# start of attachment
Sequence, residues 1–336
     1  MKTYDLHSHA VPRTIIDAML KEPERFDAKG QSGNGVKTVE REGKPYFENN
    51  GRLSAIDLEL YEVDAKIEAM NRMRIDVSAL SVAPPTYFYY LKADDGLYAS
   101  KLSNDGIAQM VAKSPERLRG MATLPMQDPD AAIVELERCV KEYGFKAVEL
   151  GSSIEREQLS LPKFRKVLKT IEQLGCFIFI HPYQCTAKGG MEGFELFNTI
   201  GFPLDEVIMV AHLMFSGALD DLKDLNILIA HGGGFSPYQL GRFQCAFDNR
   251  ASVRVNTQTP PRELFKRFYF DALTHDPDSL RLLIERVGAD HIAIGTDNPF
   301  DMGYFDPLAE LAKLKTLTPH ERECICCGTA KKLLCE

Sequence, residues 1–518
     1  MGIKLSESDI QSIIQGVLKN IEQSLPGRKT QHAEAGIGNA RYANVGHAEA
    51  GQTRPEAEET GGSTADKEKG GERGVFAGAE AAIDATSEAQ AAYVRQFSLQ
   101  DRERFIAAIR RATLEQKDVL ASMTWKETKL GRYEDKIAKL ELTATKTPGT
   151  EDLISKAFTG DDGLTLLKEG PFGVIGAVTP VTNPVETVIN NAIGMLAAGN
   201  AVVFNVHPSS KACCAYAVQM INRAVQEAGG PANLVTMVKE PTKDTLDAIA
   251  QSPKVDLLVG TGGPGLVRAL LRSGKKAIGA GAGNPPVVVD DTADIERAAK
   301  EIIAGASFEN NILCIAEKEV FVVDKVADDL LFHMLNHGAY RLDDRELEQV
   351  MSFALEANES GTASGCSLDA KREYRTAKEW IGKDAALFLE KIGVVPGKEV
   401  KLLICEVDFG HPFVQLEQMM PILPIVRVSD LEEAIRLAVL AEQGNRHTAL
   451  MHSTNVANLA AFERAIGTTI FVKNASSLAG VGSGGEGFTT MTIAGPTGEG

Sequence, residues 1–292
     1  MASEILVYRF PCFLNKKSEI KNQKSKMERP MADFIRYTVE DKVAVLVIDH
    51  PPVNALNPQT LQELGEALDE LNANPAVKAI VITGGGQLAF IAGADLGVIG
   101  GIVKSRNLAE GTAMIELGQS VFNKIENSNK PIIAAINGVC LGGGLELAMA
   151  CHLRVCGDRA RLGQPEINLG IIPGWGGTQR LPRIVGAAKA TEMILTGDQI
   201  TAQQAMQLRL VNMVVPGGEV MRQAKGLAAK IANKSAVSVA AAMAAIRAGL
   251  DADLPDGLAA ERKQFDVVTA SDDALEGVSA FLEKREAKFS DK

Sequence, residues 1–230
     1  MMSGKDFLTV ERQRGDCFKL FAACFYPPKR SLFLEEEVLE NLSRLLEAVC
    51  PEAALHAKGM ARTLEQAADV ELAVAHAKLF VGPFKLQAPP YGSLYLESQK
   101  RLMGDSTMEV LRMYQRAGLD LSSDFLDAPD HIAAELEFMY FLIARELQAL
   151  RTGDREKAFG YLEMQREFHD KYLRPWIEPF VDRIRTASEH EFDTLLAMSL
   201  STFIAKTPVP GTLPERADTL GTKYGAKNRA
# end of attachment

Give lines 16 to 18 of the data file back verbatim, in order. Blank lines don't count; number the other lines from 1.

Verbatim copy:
   301  EIIAGASFEN NILCIAEKEV FVVDKVADDL LFHMLNHGAY RLDDRELEQV
   351  MSFALEANES GTASGCSLDA KREYRTAKEW IGKDAALFLE KIGVVPGKEV
   401  KLLICEVDFG HPFVQLEQMM PILPIVRVSD LEEAIRLAVL AEQGNRHTAL